Under the Affordable Care Act, businesses that qualify as “Applicable Large Employers” (ALE) are required to provide health coverage for qualifying employees, or they will face penalties. To ensure this mandate is followed they must comply with the ACA monthly reporting requirements.
For 2015 reporting, ALEs are defined as employers with 100 or more full time employees (including FTEs) for the 2014 calendar year. ALEs are required to provide health coverage to at least 70% of qualifying employees to avoid non-coverage penalties. For 2016 and beyond the percentage of coverage needed jumps to 95%. Small businesses with 50-99 FTE will need to start insuring full-time workers by 2016. The mandate does not apply to employers with 49 or less FTE.
The forms will not be filed until January 2016, however the information must be reported for each month of 2015. Therefore, it is critical for employers to ensure their internal time and attendance, record management, and payroll systems are capable of producing the required information.
The ACA monthly reporting requirements include collecting and disclosing the following information:
- Total amount of full-time employees for each month (EPAY’s ACA Toolkit can help)
- Total number of full-time equivalent employees for each month (EPAY’s ACA Toolkit can help)
- Section 4980H transition relief[i] indicators for each calendar month
- Employees’ share of the lowest-cost monthly premium for himself only, minimum value coverage for each calendar month (EPAY’s ACA Toolkit can help)
- Applicable Section 4980H safe harbor[ii] (including Rate of Pay, Federal Poverty Line and Conditions for Using the Affordability Safe Harbors) indicators for each calendar month
- The Social Security Numbers for employees, their spouses and their dependents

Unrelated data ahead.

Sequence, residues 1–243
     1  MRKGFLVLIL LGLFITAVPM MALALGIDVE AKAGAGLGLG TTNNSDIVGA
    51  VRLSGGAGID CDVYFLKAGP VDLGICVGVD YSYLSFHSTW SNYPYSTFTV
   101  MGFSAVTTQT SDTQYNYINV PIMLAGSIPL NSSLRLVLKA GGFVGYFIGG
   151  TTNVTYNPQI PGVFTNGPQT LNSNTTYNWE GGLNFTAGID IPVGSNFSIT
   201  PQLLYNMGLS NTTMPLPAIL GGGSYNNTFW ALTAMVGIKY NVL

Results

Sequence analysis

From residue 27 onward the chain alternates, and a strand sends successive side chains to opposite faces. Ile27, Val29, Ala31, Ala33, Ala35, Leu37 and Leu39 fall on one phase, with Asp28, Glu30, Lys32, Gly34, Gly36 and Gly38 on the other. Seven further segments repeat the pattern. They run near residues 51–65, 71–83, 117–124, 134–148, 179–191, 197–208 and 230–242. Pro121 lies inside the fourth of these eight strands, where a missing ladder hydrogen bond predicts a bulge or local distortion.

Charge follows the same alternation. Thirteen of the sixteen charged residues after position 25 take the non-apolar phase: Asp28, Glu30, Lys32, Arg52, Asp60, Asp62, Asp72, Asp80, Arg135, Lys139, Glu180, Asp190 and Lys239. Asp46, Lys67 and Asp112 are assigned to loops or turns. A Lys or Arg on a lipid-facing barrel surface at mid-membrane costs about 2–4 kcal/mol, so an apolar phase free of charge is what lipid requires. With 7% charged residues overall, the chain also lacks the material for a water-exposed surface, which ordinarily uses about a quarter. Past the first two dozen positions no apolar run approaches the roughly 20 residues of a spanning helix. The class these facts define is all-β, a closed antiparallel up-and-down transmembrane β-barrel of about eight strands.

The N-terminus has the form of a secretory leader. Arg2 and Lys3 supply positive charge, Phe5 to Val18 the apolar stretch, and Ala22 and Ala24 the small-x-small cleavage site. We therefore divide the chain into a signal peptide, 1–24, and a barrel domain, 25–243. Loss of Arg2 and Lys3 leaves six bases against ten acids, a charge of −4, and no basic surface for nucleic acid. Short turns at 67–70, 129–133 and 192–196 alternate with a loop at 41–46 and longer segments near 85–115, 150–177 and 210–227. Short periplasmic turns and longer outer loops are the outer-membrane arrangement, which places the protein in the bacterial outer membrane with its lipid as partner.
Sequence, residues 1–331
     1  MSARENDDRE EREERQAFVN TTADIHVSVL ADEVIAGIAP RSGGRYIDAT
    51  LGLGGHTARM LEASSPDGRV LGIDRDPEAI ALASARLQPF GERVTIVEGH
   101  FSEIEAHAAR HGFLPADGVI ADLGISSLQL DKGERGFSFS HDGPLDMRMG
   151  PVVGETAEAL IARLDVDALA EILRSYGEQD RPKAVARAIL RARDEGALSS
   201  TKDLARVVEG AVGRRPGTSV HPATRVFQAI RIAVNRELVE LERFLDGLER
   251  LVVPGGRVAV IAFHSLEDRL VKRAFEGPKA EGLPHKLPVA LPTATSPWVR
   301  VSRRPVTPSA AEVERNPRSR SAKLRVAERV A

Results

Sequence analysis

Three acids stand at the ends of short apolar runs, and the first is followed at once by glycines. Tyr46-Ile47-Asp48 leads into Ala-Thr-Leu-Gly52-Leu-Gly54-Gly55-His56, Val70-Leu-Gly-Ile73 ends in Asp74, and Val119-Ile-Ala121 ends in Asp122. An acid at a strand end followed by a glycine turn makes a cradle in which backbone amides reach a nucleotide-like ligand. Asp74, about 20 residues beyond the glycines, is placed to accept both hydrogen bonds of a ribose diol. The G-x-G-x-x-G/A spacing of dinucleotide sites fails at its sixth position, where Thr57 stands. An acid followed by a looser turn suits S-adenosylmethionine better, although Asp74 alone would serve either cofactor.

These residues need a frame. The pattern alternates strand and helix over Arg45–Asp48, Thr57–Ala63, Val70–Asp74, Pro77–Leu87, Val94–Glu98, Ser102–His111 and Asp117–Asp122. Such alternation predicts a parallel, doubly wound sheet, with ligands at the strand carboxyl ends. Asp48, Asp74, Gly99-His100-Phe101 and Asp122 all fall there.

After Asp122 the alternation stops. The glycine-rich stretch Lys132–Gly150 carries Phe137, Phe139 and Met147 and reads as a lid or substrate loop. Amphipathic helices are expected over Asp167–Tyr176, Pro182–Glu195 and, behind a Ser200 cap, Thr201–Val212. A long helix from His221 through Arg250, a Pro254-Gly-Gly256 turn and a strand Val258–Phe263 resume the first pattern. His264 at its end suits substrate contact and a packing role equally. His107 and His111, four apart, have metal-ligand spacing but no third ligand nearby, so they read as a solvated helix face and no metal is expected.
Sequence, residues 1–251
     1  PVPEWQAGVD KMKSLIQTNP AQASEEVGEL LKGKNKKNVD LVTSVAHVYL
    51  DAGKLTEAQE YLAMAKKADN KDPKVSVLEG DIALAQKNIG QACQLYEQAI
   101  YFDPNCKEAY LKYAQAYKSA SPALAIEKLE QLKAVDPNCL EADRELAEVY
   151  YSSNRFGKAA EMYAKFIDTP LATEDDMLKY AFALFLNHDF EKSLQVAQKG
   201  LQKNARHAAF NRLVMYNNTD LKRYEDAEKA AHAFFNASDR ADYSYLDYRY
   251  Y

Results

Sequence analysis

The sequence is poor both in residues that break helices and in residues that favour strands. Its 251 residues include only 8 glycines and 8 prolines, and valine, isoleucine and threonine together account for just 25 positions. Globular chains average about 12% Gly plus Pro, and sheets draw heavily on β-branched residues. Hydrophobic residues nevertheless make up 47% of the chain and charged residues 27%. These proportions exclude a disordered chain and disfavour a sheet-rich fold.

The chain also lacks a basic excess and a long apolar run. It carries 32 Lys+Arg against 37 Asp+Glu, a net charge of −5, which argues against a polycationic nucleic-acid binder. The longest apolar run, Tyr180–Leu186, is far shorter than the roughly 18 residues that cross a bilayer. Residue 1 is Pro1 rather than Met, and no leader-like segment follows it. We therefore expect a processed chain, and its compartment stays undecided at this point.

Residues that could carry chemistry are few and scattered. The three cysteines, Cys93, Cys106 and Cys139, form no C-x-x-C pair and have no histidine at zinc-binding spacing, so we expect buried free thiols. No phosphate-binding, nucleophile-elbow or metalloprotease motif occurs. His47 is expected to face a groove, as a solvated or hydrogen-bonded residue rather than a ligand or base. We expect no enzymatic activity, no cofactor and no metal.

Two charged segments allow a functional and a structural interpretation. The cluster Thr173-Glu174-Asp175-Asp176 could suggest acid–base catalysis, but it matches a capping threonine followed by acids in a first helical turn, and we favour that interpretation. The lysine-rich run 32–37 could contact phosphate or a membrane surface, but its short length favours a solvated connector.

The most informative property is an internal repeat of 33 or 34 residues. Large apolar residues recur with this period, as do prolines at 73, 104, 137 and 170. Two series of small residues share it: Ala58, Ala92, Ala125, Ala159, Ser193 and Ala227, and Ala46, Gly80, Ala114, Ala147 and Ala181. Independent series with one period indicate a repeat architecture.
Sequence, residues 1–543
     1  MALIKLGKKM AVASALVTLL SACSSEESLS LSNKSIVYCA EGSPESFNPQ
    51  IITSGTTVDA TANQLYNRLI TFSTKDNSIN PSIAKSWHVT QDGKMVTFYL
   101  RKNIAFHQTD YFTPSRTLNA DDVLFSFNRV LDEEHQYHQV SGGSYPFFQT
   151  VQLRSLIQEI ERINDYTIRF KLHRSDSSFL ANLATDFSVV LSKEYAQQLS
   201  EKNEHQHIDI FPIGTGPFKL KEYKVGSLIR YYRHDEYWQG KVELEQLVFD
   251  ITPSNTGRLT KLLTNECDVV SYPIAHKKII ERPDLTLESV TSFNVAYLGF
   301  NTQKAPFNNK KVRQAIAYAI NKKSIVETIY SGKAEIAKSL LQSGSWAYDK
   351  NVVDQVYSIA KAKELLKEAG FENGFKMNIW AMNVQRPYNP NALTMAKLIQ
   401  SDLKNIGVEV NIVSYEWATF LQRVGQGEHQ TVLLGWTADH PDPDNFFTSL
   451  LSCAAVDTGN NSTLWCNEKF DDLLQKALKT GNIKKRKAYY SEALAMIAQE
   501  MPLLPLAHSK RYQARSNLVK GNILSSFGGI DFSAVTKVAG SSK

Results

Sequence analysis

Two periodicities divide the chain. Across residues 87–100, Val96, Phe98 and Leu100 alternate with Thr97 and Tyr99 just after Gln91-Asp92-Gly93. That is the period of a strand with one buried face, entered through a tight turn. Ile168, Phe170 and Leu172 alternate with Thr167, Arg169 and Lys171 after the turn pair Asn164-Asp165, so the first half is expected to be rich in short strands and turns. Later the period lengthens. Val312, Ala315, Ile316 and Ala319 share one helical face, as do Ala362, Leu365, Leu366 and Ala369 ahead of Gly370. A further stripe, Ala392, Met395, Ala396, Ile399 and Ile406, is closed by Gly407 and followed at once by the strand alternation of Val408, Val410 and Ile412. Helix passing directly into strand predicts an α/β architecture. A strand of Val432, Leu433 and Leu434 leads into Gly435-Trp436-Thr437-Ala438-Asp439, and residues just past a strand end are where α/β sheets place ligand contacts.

- The names and employer ID numbers (EINs) of other employers within the reporting employer’s controlled group of corporations (parent-subsidiary or brother-sister business relationships) for each month
How EPAY’s Time and Attendance System Can Help You Prepare for ACA Monthly Reporting Requirements
Although these reporting requirements appear cumbersome, technology will ease the burden by automating the data collection portion of the reporting requirements. This is especially critical for employers who have seasonal or “variable hour employees”. Variable hour employees refer to employees with work schedules that fluctuate making it hard for employers to discern full time or part time status.
Since so much of the ACA rules revolve around precisely tracking employee “hours of service”, having an automated time and attendance system with advanced reporting capabilities is of utmost importance. With EPAY Systems’ Affordable Care Act Toolkit, you have access to reports, dashboards and calculators that prepare you to tackle ACA requirements.
Learn How the ACA Toolkit Can Help You Meet ACA Requirements
[i] An employer with at least 50 but fewer than 100 full-time employees (including FTEs) will not be assessed a penalty tax under Section 4980H(a) or (b) for any calendar month in 2015 or, for employers with non-calendar year plans, for any calendar month in the 2015 plan year, including months that fall in 2016, if the employer meets certain requirements.